Michigan Birth Injury Attorneys Secure $8.3 Million for Child with Cognitive Deficits and Cerebral Palsy Due to Medical Negligence
The Case: Medical Malpractice in Diagnosing and Treating Maternal Infection in Case with Premature Birth Risk
The birth injury attorneys at ABC Law Centers obtained a $1.3 million settlement (total annuity payout $8.3 million) for a child injured by an improperly diagnosed and treated maternal infection.
In this case, our plaintiff began prenatal care after she became pregnant. At 21 weeks gestation, she began spotting and went to the hospital. Exams showed that her cervix was 3 cm dilated, 100% effaced and that her membranes were bulging. While testing showed no infection, there was evidence of an elevated white count (an indicator that the body’s immune system may be fighting off an infection). The plaintiff had an incompetent cervix, a condition that occurs when the cervix starts to widen and thin too early in the pregnancy. She underwent an emergency cerclage to mitigate the concerns this raised. She was told that there was a risk that she would deliver between 23-26 weeks, and was placed on a prophylactic (preventative) regiment of antibiotics.
At 24 weeks, she visited hospital triage, stating that she had yellow vaginal discharge. The evaluating resident who tested her claimed to not have seen any discharge. This resident tested for contractions, urinary tract infections (UTIs), gonorrhea and chlamydia; tests came back normal. After the resident consulted with a maternal-fetal doctor, the plaintiff was sent home.
Six days later, she returned to the hospital with prematurely ruptured membranes and chorioamnionitis (inflamed fetal membranes due to a bacterial infection). Staff ordered a C-section. The child was born at 25 ½ weeks and now suffers from cognitive deficits and mild cerebral palsy.
The Result: Medical Negligence in Testing Resulted in Cognitive Deficits and Mild Cerebral Palsy
Attorney Jesse Reiter argued that medical staff should have performed a wet-mount when the plaintiff came to the hospital at 24 weeks, as this would have showed signs of bacterial vaginosis. This would have ensured two crucial events: the plaintiff would have gotten the antibiotics she needed, and the preterm birth would have been delayed until a safer 28 weeks or later. Had medical personnel provided this test, the child’s birth injuries could have been prevented. The defendants alleged that no vaginal discharge was seen, and, even if it had been seen, it was not the type of discharge that suggested bacterial vaginosis, and that a wet-mount would not have been required. They further suggested that medical literature asserted that there was little-to-no value in treating vaginosis. They further stated that it was likely that the plaintiff had bacterial colonization at 21 weeks (as evidenced by the bulging membranes and high white count) and that delivery at 24-26 weeks was unavoidable.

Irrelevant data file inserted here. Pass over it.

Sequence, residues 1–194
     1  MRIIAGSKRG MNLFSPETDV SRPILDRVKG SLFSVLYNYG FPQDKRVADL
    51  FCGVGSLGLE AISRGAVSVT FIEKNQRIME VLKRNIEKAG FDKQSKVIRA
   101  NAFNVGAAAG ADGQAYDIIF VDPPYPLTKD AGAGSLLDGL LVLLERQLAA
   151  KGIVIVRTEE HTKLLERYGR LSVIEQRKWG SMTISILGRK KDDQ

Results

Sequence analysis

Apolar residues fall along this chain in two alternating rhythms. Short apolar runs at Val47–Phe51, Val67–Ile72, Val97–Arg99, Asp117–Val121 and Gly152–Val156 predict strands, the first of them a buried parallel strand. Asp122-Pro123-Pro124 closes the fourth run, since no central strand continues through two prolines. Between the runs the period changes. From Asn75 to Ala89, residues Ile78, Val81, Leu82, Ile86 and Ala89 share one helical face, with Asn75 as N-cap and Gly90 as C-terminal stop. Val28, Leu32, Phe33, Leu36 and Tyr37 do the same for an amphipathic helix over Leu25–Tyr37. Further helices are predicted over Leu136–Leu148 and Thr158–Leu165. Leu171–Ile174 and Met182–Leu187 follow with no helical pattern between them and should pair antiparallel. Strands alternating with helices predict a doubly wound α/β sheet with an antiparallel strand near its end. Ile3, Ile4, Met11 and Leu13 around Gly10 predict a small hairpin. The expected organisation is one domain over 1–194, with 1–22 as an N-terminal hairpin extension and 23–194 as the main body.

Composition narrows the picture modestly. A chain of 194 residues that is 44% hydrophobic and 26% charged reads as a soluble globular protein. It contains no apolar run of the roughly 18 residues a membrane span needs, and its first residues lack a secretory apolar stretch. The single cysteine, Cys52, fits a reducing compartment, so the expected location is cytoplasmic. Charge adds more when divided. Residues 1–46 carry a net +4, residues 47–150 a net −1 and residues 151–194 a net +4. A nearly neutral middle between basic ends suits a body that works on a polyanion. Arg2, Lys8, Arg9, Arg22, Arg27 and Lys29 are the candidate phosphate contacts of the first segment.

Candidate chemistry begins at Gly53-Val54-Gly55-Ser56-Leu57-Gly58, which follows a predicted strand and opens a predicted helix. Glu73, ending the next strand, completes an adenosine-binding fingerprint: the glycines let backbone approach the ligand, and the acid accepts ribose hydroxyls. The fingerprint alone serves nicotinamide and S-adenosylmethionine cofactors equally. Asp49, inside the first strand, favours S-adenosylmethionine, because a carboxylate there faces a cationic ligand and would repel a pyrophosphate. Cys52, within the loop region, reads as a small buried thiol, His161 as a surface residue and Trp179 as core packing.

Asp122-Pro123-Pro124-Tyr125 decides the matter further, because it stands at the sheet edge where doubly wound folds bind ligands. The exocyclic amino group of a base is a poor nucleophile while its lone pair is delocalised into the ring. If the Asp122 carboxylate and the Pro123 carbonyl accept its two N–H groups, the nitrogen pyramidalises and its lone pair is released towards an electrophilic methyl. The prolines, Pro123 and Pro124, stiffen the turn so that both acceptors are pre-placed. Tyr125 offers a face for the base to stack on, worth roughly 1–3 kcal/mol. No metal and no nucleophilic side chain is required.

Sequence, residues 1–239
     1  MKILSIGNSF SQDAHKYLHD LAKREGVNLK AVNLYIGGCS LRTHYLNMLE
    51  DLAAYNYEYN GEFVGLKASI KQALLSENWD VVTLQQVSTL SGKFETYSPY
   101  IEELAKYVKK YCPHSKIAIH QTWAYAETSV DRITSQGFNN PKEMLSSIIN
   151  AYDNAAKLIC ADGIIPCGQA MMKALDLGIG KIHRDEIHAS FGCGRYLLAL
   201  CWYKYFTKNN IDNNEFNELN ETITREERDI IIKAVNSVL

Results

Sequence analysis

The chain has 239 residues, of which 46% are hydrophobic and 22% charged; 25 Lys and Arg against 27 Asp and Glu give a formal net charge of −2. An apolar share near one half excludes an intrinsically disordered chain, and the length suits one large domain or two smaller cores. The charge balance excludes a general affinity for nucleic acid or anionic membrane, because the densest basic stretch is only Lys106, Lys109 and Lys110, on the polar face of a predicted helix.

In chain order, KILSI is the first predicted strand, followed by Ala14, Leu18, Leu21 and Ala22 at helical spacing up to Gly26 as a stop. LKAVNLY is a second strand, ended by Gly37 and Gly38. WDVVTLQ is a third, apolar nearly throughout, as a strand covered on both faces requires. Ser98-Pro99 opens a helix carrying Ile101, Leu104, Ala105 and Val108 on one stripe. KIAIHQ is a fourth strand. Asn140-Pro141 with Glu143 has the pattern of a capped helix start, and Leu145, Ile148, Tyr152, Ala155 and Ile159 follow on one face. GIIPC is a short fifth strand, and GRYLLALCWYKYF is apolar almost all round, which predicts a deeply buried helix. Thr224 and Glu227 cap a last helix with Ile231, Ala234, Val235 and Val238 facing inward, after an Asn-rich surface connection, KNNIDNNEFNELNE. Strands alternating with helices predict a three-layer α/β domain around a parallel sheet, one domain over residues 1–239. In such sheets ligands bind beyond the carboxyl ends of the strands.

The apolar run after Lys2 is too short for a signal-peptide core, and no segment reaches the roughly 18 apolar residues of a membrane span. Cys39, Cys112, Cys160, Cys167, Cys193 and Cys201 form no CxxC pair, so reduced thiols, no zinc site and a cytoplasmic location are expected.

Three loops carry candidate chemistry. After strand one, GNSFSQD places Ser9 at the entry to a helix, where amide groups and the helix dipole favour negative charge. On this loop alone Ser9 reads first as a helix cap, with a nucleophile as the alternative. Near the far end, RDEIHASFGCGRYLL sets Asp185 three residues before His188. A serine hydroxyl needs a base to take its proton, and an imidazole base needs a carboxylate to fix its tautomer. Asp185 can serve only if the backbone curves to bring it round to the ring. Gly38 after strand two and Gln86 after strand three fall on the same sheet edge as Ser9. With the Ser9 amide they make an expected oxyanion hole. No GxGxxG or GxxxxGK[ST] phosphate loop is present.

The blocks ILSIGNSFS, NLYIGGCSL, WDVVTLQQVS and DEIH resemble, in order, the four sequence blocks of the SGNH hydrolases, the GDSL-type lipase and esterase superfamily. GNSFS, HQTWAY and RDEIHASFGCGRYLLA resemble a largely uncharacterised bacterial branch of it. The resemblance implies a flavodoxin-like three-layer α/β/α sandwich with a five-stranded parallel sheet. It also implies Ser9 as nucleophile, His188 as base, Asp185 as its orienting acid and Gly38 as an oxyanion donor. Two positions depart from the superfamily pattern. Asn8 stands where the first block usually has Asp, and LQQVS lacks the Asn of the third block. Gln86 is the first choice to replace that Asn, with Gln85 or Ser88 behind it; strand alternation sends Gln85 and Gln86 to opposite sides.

Reiter & Walsh ABC Law Centers: Focusing on Neonatal and Fetal Injury Cases
Our law firm has helped numerous families and parents nationwide obtain financial compensation to ensure their children will obtain the care, therapy and treatment they need to have a secure future. Our award-winning attorneys provide personal attention to each family and child we represent, and our dedication has resulted in numerous multi-million dollar verdicts and settlements. No fees are ever paid to our firm until we win your case. Our Michigan cerebral palsy lawyers are available 24/7 to speak with you. Call Reiter & Walsh ABC Law Centers at 888-419-2229 for a free case evaluation, or use the form below to email us.
Free Case Review | Available 24/7 | No Fee Until We Win
About ABC Law Centers
- Our Firm’s Values, Experience and Results
- Our Attorneys
- Our Medical Staff
- Working with ABC Law Centers
- Community Involvement
About Our Verdicts and Settlements Calculations
The smaller sum we list on our site is the total value of the settlement or verdict. The larger sum is the total value of the settlement or verdict plus the expected lifetime yield of an annuity purchased with a portion of the settlement or verdict. This larger sum is the maximum value, because it takes into account the lifetime expected value of the annuity.